Panthers face severe test in playoff debut

by Greg Ceilley of The Review staff

PLYMOUTH — The road to a possible state berth will be very difficult for the entire field in the Plymouth Panthers’ Division 2 boys basketball regional tournament.

Despite winning the Eastern Wisconsin Conference title and posting a 16-6 regular-season record, the Panthers are only a No. 6 seed in the regional because the field is so strong. Plymouth drew a first-round bye and will play at No. 3-seeded West De Pere, ranked No. 3 in the Associated Press D-2 poll, in the semifinals Friday at 7 p.m.

The Phantoms, who also received a first-round bye, won the Bay Conference and are 20-2 overall.

Other state-ranked teams in the regional are top-seeded Pulaski, rated No. 8, and second-seeded Seymour at No. 7. Seymour finished second in the Bay Conference. The PHS-West De Pere winner advances to the finals Saturday at 7 p.m. at the highest-seeded team’s home court.

The other strong teams in the regional include defending state runner-up Kaukauna and Ashwaubenon. Kaukauna defeated the Panthers in a sectional final last year and earlier this season. Ashwaubenon downed the Panthers in a holiday tournament this season.

“The regional has some very good teams. We think we are one of those teams,” said Panther head coach Jason Duff.

“We don’t view the strength of the regional as a bad thing. We’ve said all along that if our goal is to win one game, then it’s a tough draw because we play one of the best teams in the state right away, but if our goal is to do something bigger, then it doesn’t really matter because you’re going to have to beat good teams any road you take.

“West De Pere has some very talented players. They have a little bit of everything – length, quickness, strength, shooting, rebounding. They are a tough matchup,” observed Duff.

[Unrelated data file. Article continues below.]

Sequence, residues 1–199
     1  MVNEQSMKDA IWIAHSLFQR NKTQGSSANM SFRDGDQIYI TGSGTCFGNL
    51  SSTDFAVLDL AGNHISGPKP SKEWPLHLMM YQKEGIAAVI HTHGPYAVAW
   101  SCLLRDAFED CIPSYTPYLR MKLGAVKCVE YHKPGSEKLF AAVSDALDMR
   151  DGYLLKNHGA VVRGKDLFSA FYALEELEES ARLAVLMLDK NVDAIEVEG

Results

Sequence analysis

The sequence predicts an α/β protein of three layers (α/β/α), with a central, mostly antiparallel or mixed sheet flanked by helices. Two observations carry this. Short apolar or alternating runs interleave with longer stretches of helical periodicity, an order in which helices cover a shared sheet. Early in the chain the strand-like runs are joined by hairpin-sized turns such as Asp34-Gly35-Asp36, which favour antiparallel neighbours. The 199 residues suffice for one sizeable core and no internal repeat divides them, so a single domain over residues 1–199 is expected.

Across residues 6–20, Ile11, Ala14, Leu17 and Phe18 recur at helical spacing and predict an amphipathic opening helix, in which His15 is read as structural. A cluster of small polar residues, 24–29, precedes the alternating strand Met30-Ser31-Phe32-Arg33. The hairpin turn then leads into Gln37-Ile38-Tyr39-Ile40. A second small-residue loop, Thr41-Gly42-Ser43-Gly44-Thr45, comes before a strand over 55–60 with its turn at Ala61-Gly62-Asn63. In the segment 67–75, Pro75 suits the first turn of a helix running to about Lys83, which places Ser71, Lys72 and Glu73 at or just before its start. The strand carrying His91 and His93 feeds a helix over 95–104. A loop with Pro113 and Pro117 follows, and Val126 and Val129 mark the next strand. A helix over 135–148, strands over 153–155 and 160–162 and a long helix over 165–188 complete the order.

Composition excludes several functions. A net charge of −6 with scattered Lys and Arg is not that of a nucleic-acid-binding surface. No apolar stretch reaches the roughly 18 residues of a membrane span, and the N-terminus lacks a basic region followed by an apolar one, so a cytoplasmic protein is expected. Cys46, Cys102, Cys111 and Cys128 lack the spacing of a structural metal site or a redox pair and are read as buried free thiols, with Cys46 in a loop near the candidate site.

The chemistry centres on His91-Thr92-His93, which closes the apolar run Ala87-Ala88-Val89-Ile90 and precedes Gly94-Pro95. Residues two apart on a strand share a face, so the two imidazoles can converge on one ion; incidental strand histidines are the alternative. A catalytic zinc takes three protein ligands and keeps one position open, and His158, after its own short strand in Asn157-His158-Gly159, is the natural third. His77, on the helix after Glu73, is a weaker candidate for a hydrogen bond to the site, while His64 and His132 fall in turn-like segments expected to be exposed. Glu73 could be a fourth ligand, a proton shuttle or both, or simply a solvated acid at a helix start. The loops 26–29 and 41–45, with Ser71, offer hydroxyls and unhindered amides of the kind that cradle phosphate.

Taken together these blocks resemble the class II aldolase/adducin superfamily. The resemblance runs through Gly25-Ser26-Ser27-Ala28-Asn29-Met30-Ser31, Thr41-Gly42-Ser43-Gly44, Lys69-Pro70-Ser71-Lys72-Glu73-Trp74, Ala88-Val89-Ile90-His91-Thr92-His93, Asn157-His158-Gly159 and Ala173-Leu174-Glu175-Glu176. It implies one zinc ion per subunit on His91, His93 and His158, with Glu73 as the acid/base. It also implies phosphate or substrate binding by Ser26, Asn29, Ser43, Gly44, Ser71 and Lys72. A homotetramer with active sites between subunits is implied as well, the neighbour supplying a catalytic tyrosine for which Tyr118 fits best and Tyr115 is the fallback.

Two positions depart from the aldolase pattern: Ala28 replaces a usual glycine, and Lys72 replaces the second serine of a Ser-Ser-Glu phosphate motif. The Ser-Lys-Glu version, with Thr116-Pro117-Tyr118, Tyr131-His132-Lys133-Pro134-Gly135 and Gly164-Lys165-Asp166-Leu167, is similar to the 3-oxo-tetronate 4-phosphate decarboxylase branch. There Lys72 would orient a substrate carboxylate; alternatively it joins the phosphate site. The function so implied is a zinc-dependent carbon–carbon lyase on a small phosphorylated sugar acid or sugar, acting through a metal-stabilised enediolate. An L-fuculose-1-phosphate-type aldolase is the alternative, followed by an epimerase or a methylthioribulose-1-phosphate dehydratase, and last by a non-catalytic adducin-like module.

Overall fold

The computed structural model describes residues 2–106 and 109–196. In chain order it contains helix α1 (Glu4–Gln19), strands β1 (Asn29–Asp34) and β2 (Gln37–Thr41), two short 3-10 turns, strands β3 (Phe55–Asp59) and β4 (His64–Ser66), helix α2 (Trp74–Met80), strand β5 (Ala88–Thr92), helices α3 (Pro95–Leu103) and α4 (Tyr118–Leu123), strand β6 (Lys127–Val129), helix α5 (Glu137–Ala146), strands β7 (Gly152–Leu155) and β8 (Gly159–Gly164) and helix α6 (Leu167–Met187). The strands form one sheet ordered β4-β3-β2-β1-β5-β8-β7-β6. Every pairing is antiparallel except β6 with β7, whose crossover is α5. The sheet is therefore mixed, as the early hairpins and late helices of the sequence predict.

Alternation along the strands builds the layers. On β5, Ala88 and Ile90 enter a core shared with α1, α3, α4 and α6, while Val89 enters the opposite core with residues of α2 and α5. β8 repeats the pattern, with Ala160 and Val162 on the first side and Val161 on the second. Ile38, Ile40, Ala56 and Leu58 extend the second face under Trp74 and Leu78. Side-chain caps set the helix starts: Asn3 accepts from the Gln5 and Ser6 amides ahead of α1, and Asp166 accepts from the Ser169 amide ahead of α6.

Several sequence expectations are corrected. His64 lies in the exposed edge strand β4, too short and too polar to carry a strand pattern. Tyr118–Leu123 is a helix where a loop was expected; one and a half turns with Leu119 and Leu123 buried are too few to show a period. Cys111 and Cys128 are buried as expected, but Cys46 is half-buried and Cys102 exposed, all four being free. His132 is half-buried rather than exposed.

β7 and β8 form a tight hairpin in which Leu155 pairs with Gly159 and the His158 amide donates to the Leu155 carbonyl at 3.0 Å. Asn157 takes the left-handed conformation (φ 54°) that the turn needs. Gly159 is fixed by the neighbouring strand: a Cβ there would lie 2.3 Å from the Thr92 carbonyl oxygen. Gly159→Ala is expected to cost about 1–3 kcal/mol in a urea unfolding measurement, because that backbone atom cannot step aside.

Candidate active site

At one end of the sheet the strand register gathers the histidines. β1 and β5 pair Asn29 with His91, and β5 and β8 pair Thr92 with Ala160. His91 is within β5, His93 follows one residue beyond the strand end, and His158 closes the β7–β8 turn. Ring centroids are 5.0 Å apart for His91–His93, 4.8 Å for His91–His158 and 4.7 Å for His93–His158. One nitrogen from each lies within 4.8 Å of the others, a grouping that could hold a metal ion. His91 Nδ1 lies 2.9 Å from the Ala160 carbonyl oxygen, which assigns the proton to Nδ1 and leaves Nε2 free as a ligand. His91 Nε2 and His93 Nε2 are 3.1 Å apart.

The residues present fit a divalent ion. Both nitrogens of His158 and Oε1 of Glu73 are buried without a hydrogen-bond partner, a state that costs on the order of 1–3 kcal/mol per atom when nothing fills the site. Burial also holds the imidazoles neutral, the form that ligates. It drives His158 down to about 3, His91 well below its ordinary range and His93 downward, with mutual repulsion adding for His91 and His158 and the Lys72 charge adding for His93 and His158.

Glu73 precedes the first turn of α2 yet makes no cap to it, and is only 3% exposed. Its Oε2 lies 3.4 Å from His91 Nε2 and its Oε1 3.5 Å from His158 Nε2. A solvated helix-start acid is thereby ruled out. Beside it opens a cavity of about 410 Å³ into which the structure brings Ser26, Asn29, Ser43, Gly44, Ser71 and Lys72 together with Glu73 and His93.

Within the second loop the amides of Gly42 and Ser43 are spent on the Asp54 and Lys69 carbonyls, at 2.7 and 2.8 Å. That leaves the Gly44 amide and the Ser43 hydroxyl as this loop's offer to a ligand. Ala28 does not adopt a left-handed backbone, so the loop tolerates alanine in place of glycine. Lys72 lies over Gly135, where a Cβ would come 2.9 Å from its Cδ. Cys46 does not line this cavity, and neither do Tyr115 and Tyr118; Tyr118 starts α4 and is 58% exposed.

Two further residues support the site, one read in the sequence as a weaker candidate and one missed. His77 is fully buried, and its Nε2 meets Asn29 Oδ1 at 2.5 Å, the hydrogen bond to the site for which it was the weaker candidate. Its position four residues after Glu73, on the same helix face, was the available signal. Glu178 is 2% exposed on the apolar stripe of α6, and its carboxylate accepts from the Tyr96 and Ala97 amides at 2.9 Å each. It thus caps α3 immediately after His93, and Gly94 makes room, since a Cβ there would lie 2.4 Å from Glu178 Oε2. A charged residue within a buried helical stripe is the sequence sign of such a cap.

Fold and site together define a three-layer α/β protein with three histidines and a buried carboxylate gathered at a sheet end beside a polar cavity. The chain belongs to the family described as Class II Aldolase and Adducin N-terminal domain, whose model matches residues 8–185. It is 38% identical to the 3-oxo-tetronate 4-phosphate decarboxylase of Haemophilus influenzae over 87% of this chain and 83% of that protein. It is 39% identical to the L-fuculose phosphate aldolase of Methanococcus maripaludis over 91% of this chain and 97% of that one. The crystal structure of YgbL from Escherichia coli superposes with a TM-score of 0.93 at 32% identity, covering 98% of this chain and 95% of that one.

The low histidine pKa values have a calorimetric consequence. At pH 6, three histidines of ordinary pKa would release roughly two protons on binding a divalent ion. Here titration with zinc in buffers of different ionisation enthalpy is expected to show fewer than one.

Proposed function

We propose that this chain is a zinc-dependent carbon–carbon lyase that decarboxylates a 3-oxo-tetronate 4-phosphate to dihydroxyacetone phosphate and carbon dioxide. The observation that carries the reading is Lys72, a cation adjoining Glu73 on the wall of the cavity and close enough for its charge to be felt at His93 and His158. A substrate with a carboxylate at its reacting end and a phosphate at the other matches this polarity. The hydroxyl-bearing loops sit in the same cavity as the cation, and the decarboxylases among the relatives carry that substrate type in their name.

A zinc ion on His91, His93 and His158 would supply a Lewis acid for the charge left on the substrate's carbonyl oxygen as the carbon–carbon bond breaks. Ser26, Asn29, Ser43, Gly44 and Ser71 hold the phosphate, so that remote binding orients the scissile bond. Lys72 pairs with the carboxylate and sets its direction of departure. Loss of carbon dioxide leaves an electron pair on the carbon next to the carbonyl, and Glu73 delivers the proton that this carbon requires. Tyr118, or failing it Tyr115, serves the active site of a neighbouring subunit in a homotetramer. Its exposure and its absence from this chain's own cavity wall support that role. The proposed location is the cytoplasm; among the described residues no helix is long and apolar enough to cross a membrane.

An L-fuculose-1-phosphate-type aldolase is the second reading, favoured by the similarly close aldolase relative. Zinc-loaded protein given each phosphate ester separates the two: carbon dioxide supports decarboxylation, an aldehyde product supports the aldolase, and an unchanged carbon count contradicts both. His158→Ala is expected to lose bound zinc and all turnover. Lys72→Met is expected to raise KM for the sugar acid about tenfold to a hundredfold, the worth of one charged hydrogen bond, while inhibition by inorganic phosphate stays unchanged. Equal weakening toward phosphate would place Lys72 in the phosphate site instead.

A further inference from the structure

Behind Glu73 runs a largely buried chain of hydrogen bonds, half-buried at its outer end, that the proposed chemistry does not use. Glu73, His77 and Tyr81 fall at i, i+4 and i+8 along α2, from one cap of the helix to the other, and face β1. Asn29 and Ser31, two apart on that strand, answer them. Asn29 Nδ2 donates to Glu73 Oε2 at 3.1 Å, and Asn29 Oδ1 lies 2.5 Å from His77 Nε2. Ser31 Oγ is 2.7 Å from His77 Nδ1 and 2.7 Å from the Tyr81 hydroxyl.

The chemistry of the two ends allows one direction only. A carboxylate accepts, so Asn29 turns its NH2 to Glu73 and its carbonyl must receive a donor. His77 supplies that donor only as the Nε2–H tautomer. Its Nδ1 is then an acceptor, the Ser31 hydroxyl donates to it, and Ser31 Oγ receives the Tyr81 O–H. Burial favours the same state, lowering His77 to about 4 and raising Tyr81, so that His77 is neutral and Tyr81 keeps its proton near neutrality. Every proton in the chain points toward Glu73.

“They are young but don’t play like it. In their two games against Seymour [both Phantom wins] they had players step up and make plays.

“Cody Schwartz gets all the attention because he’s 6-8 and leads them in scoring at 19.5 points per game but Chandler Diekvoss is what sets them apart from most teams because they have two guys that can create their own shot from just about anywhere,” said Duff.

Schwartz is a sophomore forward and Diekvoss a 6-5 junior guard who has a 15.7 scoring average.

“The keys for us to win are the same as they always are: play hard, play smart, play together,” said Duff.

Duff is pleased with his team heading into the game.

“I like how we are practicing. Practices have been fun and upbeat but competitive at the same time. I think that’s what you want at this time of year,” he said.

“We’re getting ready for a big push,” said a confident Owen Henriksen, Panther senior guard.

“We always look forward to big games,” said PHS junior guard Kollin Neils. “We always have a pretty good chance in every game. We’ll come out and play together.”

“We are excited as is most every team this time of year because the slate is clean and everyone has a chance to chase their dreams,” Duff added.

Neils leads Plymouth’s balanced offense with a 12.7 scoring average. Henriksen is first in assists with a 3.6 average and steals at 2.0 per contest. Junior guard Tom Jankowski is the top rebounder with a 4.0 average.

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